One of my charity team mates has a saying “don’t be shit”. It’s all relative of course, but I like to think I wasn’t! [Cheesecake Runner: Kieran you ran a marathon … you definitely were not shit!]

How did training go?

I amazed myself. I wrote a 6-month programme, to get me a sub-1hr 10k by Christmas (which I smashed), and then followed a standard 16 week marathon programme.

I started early and got ahead of the game, so the long runs with the charity team were distances I knew I could comfortably cover.

I stayed relatively injury free, and even did some interval and hill sessions properly! There were a few missed runs of course and I continued refereeing, so I was doing some form of activity 3 or 4 times a week. A minor issue with my big toe tendon slowed me up a bit just as I hit peak mileage, but I rested for a week or so, then got a 22-miler in before taper which I was really pleased with.

What do you love and hate about running?

Just being able to open the front door and go. It’s the only form of exercise (other than refereeing) that I even remotely enjoy. Don’t get me wrong, there were many days where I was miles from home thinking “what on earth am I doing”, but running gave me extra focus for my weight loss too. I would calculate how many minutes per kilometre I could get quicker for every stone I lost and was seeing such rapid improvement in those 18 months (it’s about 30 seconds per KM for a 10k distance for every stone lost, by the way!).

I was really focussed on it this time. I don’t enjoy running long distance on my own, which is where the charity team runs helped massively.

There were some days where it was absolutely freezing, and that’s never fun, but I think I’d rather that than it be too hot. One of our team runs was in the middle of Storm Freya, and there were points during that run where I nearly turned round and walked home, but we were all out there together and that really helped me keep going.

I’m lucky in that I’m self- employed, so most of my training was done first thing in the morning during the week, so the weekends with family didn’t suffer too much. I suppose the worst thing is the “recovery” runs after a long run – I could never understand (and still don’t) how running anywhere counts as “recovery”!!

Do you have a post run treat?

It has to be chocolate milkshake and I have a new-found love of flapjacks. Our charity training guru made the most amazing flapjacks for us for after our long runs and I’m sure it made me quicker – trying to get back before the speedy people scoffed them all (they know who they are!).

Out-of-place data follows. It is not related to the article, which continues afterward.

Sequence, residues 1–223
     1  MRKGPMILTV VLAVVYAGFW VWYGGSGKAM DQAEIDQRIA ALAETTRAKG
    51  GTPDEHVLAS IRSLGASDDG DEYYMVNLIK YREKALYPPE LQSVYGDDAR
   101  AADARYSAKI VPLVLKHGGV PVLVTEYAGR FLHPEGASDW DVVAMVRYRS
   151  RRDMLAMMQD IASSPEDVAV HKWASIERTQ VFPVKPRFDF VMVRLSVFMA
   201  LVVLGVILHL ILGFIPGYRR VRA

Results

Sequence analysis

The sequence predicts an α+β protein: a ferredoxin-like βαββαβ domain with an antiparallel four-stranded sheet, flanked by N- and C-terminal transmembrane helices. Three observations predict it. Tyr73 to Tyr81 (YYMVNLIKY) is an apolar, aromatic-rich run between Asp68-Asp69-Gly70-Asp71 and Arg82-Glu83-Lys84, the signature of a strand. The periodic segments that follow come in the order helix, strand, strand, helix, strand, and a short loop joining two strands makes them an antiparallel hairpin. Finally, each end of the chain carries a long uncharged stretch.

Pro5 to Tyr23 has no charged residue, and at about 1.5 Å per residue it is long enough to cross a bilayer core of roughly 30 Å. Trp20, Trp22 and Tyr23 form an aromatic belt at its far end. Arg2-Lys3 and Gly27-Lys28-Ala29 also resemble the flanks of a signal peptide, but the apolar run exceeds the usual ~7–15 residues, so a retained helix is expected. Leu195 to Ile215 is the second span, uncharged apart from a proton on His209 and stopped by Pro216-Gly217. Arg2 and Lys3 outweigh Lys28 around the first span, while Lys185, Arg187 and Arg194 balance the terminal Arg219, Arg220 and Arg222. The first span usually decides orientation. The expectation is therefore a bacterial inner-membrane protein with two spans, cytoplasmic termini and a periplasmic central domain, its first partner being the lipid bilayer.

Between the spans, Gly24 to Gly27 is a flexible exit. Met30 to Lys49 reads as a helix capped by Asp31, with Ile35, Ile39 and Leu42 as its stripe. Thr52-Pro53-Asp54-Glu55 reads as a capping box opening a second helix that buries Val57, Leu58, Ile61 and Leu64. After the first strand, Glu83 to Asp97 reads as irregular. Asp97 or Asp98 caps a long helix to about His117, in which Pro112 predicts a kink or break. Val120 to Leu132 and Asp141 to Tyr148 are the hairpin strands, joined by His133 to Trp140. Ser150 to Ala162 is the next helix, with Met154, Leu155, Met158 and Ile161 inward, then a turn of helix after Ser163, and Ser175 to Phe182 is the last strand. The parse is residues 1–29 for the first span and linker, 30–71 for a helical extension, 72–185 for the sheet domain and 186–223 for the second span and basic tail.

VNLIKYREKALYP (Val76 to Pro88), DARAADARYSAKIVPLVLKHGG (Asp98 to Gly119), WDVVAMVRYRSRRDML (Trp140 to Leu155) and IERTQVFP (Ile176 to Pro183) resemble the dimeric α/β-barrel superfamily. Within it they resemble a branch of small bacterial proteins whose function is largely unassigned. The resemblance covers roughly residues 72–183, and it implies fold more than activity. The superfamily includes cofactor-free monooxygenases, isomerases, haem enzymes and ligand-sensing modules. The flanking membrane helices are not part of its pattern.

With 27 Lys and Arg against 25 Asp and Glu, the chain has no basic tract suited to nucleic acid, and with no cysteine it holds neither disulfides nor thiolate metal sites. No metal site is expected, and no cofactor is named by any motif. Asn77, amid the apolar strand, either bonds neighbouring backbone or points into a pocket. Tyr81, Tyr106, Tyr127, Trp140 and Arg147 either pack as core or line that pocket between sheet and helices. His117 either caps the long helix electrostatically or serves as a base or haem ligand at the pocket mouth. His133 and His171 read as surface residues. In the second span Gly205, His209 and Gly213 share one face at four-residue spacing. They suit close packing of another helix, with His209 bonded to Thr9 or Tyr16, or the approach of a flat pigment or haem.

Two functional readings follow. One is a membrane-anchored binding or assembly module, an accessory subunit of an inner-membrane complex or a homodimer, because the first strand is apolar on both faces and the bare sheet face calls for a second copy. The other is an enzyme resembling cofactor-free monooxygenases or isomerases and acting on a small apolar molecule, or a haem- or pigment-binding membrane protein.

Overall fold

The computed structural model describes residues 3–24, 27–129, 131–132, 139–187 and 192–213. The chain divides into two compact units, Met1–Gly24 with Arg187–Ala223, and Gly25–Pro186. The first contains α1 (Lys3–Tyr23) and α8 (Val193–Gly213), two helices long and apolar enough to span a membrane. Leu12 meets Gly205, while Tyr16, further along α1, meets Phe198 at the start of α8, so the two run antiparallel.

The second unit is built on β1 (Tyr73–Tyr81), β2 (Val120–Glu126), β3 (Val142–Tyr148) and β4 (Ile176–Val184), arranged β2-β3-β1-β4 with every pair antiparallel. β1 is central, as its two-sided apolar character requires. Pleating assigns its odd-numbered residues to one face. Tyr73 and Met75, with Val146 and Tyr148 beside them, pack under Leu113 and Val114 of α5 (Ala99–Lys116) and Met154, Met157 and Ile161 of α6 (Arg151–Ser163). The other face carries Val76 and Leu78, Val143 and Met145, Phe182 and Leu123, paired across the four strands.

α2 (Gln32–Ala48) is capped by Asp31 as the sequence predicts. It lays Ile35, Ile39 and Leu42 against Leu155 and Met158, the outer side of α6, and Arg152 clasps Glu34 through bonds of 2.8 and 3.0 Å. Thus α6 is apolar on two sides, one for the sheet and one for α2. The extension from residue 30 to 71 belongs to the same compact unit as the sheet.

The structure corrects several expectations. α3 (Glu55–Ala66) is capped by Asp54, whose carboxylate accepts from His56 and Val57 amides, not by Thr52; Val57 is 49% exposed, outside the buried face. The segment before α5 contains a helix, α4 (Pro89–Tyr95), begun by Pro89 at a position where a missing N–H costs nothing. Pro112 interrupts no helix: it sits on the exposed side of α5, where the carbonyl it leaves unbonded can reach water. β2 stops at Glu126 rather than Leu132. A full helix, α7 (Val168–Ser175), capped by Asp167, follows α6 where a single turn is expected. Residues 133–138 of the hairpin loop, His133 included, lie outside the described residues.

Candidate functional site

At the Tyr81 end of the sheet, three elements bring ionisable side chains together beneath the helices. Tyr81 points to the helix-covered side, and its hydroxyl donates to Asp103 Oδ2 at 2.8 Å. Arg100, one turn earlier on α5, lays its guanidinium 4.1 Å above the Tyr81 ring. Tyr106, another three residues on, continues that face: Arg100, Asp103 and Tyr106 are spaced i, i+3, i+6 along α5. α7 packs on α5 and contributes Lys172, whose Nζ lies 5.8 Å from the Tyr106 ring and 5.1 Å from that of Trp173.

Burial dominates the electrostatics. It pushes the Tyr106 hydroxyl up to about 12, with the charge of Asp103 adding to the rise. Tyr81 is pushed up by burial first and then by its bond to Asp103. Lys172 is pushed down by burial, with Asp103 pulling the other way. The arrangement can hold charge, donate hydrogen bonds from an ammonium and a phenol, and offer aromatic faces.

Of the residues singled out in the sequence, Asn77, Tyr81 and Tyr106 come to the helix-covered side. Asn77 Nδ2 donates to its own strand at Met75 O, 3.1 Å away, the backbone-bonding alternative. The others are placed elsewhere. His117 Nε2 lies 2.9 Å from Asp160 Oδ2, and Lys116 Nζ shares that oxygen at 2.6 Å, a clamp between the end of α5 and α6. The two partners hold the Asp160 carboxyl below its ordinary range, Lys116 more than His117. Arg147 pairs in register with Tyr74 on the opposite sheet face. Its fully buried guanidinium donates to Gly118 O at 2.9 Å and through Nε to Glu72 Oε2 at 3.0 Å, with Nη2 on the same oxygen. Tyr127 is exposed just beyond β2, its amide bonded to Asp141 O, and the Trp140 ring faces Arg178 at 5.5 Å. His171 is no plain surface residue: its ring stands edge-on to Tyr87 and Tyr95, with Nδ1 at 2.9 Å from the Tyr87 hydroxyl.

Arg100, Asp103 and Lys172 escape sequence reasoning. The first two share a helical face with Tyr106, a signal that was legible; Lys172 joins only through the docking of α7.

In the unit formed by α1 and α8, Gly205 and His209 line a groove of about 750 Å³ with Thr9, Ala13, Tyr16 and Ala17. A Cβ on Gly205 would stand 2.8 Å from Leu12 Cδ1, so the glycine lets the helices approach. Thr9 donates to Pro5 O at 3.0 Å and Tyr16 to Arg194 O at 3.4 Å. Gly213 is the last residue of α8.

Who would you like to present your race medal?

Kipchoge. I am just in awe of what he is capable of and to think I ran the same route as him in London is pretty special, even if he could have made it back to Kenya by the time I finished!!.

Do you have any running superstitions?

I never run over 3 drains, or under road signs – even if that means leaving the pavement and running in the road!

What were you most looking forward to on race day?

The finish line. And fish and chips.

Tell me about race day?

It’s such an amazing experience, and it was very different this time round compared to 2017 - more in the thick of it before the crowds thin out later in the day.

I can’t think of a time where there wasn’t any noise, or someone shouting my name, the London crowd are just fantastic. Of course the classic places – Cutty Sark, Tower Bridge, Canary Wharf, The Mall are just a wall of noise. The charity had cheer points all round the course and seeing our training guru at Canary Wharf next to the huge drum band was a real boost after a difficult few miles.

It didn’t go to plan pace-wise after the first 10 miles, but I got over it and ploughed on. I texted my wife at 17 miles and told her I’d messed it up a bit (funny how your mind tells you that at 17 miles into a marathon you’ve “messed it up” because you’re a bit slower than you’d planned to be!) She told me I was ahead of Jay from Eastenders and Candice from Bake-Off and to keep going!!

She and my and eldest daughter had grandstand tickets which I won through the charity, so seeing them in the stand on that final finish straight was just brilliant. There were points where I just wanted a bit of peace and quiet, and it can be a bit intense in places, but you just have to embrace it and enjoy it for what it is – just one big street party, in my case a 5 hours and 40 minutes long street party!

It might be my last London Marathon (who knows) but I’m thinking of a local event in the Autumn where, maybe, I can push towards that sub-5 without the intensity of London or the pressure of fundraising.

Don’t be shit, and never give up!

Kieran You're Awesome! You smashed VLM19!